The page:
Continuing, however, to explore translation’s overlaps with friendship, I observe that “friends possess things in common” (Plato, Phaedrus 279c). I don’t charge friends to eat at my table, and I consider it good fortune to have something to share. Friendship operates in a gift economy, not an economy of exchange. The “Manifesto” calls on us “to be transparent about rates and terms, to not undercut colleagues in the field, and to engage in open conversations about unpaid work. … Translators of literary or other humanistic texts based at universities must be cognizant of the effects of their university employment on independent translators’ livelihoods.” Well then, for the sake of transparency and “open conversations” let me put it on the record that as a senior academic at a prominent US university, I can translate without concern for payment or promotion. Some would call that privilege. I won’t shrink from the word. By producing English versions of Chinese philosophy, Haitian poetry, or Sicilian drama, I’m not undercutting other professional translators who would need to be paid to do the same; it’s rather the case that if I don’t do it out of the resources of my privilege, the job may not get done at all. My Haitian poetry translations had to wait thirty years—until I had stored up a lot of titles and prestige—before a publisher would consider them. Getting Li Zhi, Jean Métellus, or Tino Caspanello published in English was worth doing, even if it involved less than perfectly egalitarian methods and netted negligible rewards for author or translator. I would go so far as to say that translators like me use private means to produce a public good.
Few publishers are committed to literary translation. Much of it must then be produced in something like a gift economy, with overt or tacit subventions. (My drug of choice is poetry, a commodity for which marketability and quality observe a generally inverse correlation.) That the profit-oriented business model skews the supply of translations is obvious, but I can well conceive that the accumulation of pet projects and labors of love would distort it too. What is the best way to build a lively, diverse, surprising culture of translation into English? Can we translators create a demand for our work, and thus be perceived as a source of market value? Now and again a small publisher of literary translation issues a book (better yet, the first book in a series) that is taken up by one of the behemoths of publishing and becomes a hot property, perhaps even the symbol of a trend (Nordic crime fiction, for example). The small publisher and, one hopes, the translator both benefit; the big publisher benefits much more; the English-language readership wins as well. But these are exceptional cases. In many other language-domains it is taken for granted that works in translation interest a broad public and are therefore valuable.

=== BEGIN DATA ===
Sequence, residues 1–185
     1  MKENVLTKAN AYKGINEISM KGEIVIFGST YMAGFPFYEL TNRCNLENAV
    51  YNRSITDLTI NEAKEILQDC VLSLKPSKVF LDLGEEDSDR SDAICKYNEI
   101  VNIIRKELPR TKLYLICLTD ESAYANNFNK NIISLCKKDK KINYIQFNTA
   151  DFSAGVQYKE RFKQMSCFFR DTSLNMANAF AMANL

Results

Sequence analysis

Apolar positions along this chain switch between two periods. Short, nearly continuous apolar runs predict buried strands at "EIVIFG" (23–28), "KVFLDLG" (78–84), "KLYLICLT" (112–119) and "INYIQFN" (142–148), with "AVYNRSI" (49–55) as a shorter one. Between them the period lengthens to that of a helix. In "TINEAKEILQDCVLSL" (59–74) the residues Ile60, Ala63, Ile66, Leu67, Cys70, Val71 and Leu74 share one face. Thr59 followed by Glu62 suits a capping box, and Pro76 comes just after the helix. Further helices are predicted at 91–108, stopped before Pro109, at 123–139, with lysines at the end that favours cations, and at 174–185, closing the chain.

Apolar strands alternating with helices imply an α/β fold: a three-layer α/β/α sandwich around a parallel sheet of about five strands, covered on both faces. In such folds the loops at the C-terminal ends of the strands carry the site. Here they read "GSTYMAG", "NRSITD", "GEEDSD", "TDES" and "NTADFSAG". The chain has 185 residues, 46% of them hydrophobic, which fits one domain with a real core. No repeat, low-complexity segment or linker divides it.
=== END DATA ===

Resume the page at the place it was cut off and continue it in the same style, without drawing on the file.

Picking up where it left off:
The “Manifesto” acknowledges the complexity of the translation market by issuing a stream of critiques, recommendations, and demands that touch on different points of the production chain—so many directives and so many points that one can’t help wondering if they are all compatible with one another or with the conditions of their possible realization. The “Manifesto” calls on publishers and institutions to honor their “responsibilities.” There’s ethical language again—in a legal, political or contractual idiom. But in an economy or ecosystem with many independently moving parts, it’s hard to say where responsibility resides. Say the onus of the recommendations is to fall on editors: they do have the power to approve projects and sign contracts. But they are nervous polar bears on melting ice floes, just like authors and translators. For-profit and academic publishers alike occupy niches in a tremendously concentrated ownership environment in which choices made by the biggest participants dictate the conditions of the smaller ones’ survival, and book publishing must vie with omnipresent digital content that is, if not acquired for nothing, often given away for nothing in pursuit of audience share. The above are durable, structural obstacles in the way of building a culture of translation in the English-speaking world. What leverage can be wielded by translators trying to make a living in that environment? The “PEN Translation Manifesto” is one attempt to use reputation and codes of behavior to even out the unequal rewards doled out to translators who translate from different languages, from different backgrounds, in different genres. If publishers pay attention, wonderful; but I suspect they will continue on their preset path, departing from it only to avoid financial loss, boycotting and scandal.